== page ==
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How Is Bronchitis Treated?

The main goals of treating acute and chronic bronchitis are to relieve symptoms and make breathing easier.

If you have acute bronchitis, your doctor may recommend rest, plenty of fluids, and aspirin (for adults) or acetaminophen to treat fever.

Antibiotics usually aren't prescribed for acute bronchitis. This is because they don't work against viruses—the most common cause of acute bronchitis. However, if your doctor thinks you have a bacterial infection, he or she may prescribe antibiotics.

A humidifier or steam can help loosen mucus and relieve wheezing and limited air flow. If your bronchitis causes wheezing, you may need an inhaled medicine to open your airways. You take this medicine using an inhaler. This device allows the medicine to go straight to your lungs.

Your doctor also may prescribe medicines to relieve or reduce your cough and treat your inflamed airways (especially if your cough persists).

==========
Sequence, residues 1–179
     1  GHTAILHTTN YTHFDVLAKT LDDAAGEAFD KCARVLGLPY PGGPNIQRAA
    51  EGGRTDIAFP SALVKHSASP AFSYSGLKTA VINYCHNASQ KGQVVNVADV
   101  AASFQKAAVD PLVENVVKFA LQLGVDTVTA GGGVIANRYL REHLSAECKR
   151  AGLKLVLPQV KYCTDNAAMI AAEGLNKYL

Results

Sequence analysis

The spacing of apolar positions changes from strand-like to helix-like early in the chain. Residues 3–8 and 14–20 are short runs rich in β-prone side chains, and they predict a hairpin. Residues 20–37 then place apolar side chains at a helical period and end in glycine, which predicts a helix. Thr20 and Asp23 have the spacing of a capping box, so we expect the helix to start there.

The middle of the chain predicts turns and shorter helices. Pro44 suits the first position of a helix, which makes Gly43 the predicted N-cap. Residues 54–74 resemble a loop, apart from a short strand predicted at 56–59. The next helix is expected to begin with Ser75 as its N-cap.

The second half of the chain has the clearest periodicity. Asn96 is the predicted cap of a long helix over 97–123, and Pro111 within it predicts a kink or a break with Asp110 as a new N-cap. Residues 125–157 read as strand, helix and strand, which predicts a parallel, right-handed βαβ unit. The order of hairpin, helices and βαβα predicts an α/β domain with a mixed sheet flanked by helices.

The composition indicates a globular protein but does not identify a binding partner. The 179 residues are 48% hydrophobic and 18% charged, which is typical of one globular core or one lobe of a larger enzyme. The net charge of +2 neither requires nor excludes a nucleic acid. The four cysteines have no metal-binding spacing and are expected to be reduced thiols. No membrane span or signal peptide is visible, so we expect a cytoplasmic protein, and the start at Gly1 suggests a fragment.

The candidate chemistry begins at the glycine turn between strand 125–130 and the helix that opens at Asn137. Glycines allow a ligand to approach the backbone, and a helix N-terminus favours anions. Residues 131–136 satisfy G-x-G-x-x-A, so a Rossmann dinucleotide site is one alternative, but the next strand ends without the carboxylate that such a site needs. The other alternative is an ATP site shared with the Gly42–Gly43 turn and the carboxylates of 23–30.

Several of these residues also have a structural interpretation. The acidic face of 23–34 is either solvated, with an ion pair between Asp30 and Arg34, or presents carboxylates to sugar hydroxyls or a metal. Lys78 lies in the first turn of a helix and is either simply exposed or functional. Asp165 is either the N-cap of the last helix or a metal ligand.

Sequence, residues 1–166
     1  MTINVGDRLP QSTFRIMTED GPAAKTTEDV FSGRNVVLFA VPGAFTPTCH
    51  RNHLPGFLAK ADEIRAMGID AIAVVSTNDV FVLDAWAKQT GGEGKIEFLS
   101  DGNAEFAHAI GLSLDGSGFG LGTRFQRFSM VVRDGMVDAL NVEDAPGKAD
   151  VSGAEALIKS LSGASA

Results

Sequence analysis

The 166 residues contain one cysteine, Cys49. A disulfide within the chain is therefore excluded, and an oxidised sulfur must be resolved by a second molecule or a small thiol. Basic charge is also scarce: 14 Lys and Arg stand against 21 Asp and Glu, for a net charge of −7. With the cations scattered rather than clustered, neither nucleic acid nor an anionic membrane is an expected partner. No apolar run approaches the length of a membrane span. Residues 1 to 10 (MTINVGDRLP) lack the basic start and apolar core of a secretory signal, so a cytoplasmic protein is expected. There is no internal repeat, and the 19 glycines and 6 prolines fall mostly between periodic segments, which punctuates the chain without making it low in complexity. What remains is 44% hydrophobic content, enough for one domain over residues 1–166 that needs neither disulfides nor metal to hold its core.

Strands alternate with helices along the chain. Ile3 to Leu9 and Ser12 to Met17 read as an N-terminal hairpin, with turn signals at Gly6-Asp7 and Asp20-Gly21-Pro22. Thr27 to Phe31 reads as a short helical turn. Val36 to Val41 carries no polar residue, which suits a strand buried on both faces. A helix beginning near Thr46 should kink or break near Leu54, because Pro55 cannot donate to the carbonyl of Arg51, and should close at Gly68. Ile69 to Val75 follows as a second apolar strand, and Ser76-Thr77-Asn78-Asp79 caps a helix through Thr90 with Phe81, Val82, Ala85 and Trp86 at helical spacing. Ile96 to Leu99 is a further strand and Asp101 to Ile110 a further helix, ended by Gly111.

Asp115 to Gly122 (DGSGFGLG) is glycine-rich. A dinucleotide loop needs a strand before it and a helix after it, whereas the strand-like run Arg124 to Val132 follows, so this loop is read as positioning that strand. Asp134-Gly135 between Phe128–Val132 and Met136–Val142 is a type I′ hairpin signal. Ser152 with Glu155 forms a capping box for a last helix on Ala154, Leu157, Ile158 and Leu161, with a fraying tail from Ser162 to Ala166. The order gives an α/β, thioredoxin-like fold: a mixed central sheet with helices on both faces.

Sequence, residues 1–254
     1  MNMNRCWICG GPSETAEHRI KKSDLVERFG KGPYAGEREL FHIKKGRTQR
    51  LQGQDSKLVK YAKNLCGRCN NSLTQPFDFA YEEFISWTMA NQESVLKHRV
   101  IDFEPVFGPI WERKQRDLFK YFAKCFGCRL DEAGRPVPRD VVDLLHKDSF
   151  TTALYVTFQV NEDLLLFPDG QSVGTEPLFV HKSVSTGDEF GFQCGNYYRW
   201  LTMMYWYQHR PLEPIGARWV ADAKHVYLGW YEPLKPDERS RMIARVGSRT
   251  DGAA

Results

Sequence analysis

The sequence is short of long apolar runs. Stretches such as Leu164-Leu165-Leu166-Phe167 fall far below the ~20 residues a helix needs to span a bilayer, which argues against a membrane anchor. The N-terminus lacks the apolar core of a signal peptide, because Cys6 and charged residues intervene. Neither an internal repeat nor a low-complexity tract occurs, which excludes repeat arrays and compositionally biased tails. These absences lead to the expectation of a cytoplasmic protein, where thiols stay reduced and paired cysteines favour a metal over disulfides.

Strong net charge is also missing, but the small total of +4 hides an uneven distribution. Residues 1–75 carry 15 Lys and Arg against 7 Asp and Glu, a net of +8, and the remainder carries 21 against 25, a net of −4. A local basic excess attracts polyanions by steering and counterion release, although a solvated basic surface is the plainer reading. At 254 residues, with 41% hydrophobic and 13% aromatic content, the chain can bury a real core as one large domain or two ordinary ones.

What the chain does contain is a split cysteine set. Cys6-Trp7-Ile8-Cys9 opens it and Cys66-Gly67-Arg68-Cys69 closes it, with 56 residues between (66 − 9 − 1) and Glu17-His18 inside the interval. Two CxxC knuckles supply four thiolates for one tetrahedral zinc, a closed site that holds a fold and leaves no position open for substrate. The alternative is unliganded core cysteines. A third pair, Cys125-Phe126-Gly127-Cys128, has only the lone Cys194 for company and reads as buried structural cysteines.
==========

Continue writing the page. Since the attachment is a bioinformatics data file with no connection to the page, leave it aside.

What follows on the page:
If you have chronic bronchitis and also have been diagnosed with COPD (chronic obstructive pulmonary disease), you may need medicines to open your airways and help clear away mucus. These medicines include bronchodilators (inhaled) and steroids (inhaled or pill form).

If you have chronic bronchitis, your doctor may prescribe oxygen therapy. This treatment can help you breathe easier, and it provides your body with needed oxygen.

One of the best ways to treat acute and chronic bronchitis is to remove the source of irritation and damage to your lungs. If you smoke, it's very important to quit.

Talk with your doctor about programs and products that can help you quit smoking. Try to avoid secondhand smoke and other lung irritants, such as dust, fumes, vapors, and air pollution.

For more information about how to quit smoking, go to the Diseases and Conditions Index Smoking and Your Heart article and the National Heart, Lung, and Blood Institute's "Your Guide to a Healthy Heart." Although these resources focus on heart health, they include general information about how to quit smoking.

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March 1, 2011